The flap over the release of the Pan-Am/Lockerby bomber, Abdel Al-Magrahi, has gotten me to thinking about the American national character.
I saw interviews with victims' families from the UK. One wasn't convinced by the evidence that the guy was involved in the plot. Another one didn't care b/c it wouldn't bring back her daughter. Another said the guy's spent the rest of his life in prison already, who cares where he dies.
I saw interviews with victims' families from the US. To a person, they opposed releasing the guy. He should die in prison. He should rot in jail. He should rot in hell - in prison. He didn't show compassion to the victims, why should he receive any compassion. (It goes without saying that he was guilty of the crime; it has to be the work of some one, so it might as well be him)
This made me realize something: Americans never forgive. Sure, some of them do, in some cases. But by and large, it's not part of our make-up. There are no mitigating circumstances, no desire to move on. If you stole that candy bar when you were 12, then three strikes and you're out - you should have the rest of your life to think about it behind bars. If you fuck up and lose your job, then you deserve to be homeless and hungry. Those people wouldn't have AIDS if they hadn't brought it on themselves. Right?
Even in more personal, piddling situations, people here hold grudges for an extraordinary amount of time - usually their whole lives. I guess they do that in Sicily, too. But if you posted that injudicious photo on facebook, or said something stupid in front of a microphone, or are a politician who has an affair, then bam - it's going to haunt you for the rest of your career (if you have one). It seems like the French shrug off shit like that. Life is too short. And it's going to happen anyway.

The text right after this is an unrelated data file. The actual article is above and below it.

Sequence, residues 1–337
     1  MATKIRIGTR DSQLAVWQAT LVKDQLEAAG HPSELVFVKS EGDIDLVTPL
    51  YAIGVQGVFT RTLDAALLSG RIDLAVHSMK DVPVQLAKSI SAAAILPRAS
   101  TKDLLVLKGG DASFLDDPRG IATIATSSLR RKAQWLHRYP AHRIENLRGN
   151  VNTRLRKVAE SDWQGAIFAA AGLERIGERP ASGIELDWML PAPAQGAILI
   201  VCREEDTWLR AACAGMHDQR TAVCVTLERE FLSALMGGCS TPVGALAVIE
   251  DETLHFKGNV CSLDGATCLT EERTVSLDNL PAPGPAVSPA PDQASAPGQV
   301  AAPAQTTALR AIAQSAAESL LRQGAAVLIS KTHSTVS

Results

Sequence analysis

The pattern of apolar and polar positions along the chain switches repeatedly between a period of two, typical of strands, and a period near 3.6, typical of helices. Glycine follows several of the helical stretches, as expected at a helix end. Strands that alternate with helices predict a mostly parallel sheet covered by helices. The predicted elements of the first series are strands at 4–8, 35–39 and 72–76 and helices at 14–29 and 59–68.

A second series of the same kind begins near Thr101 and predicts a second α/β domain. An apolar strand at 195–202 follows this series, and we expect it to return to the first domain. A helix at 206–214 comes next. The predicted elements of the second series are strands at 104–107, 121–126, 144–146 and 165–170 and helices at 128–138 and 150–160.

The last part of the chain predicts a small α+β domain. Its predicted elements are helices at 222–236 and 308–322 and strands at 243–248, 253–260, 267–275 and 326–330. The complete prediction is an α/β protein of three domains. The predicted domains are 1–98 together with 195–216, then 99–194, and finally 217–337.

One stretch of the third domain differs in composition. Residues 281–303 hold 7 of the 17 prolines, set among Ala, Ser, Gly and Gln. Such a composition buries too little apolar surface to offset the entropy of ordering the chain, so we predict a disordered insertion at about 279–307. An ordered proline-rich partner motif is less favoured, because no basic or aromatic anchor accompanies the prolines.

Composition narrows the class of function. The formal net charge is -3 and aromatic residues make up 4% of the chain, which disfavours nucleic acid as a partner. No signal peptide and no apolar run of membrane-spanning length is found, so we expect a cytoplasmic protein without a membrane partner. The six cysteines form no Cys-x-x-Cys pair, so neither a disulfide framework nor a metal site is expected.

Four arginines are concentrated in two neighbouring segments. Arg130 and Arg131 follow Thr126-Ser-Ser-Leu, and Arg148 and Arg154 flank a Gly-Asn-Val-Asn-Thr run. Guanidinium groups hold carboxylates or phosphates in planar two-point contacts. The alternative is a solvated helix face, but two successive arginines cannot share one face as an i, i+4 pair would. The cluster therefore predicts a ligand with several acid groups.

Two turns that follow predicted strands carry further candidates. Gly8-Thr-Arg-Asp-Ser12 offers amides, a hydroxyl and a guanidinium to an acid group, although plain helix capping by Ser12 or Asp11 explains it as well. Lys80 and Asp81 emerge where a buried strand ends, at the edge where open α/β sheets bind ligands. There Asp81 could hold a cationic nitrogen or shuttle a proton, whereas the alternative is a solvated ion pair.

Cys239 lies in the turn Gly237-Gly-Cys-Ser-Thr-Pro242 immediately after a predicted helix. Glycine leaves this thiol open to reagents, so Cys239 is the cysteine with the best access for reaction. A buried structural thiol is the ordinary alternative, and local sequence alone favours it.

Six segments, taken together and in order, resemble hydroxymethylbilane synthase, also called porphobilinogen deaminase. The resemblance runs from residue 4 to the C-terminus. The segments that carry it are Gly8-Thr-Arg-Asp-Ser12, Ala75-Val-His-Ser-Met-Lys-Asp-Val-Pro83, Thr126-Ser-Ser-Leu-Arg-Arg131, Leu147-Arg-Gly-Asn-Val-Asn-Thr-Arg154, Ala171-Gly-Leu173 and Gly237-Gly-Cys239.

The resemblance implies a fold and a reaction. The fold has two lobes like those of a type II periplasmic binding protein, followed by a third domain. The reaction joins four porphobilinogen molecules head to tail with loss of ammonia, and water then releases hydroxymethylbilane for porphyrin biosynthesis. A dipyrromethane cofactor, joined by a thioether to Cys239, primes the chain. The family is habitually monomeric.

Even in the realm of criminal justice (the absence of the death penalty in EU countries is the most obvious example), there isn't the same kind of thirst for vengeance you see here. Prosecutors say that the accused should be executed so the victim's family can have "closure." Capital punishment as therapy. As though that was going to close anything. After that, you move on to suing the perp's family, then city where the crime happened, then you get more draconian laws passed, etc. It never ends.
This is all kind of ironic, since closure is big in America - in our juridical discourse, but also pop psychology, best-selling novels, religion, poetry, etc. I once was lost, but now am found. Period. Epiphany. End of story. No second acts. It's a wrap.
(Cf. Lyn Hejinian's brilliant essay linking the "closure" discourse in capital punishment to the desire for discursive closure)
Why the discrepancy? Well, closure never closes, for one thing - you have to keep tamping down the lid, b/c something is always bubbling up. That takes a lot of rage and resentment.
Then there's religion. In a country founded by religious fanatics, you'd expect this sort of thing. US Protestantism centers around the Old Testament (irrational, vindictive father-god) and the epistles (Christian unity, discipline, hierarchy - vs. the Other people). Forget the gospels - Jesus says crazy shit like "forgive your enemies." And killing him sure didn't produce closure.
Tocqueville understood that Americans embraced religion not in spite of, but because of their acquisitive materialism - it was a way of convincing themselves that they really are good people, even though they stab each other in the back from 9 to 5. Maybe the same is true for American desire for the happy ending (whether it's the guy getting the girl, or the perp frying) - we never have closure, b/c we never unclench our jaws from the rag we're shaking and growling at. There's always something else that needs closing - except in the movies.
Why are we thus? In a society where capitalism is the air you breathe, and where that social arrangement results in a lot of pain and resentment, then nothing ever gets resolved. Even if it occurs to you to, say, blame the corporations instead of the government or the immigrants for your bankruptcy, you know you can't do anything about it. So that anger and resentment is always festering, always looking for objects to cathect upon.
All speculations, of course. If anyone has figured this out, pls let me know.
At the New Orleans Poetry Festival, April, 2017 - Eileen Tabios, Tim Dyke, Lo Mei Wa and myself before the Tinfish Press reading.
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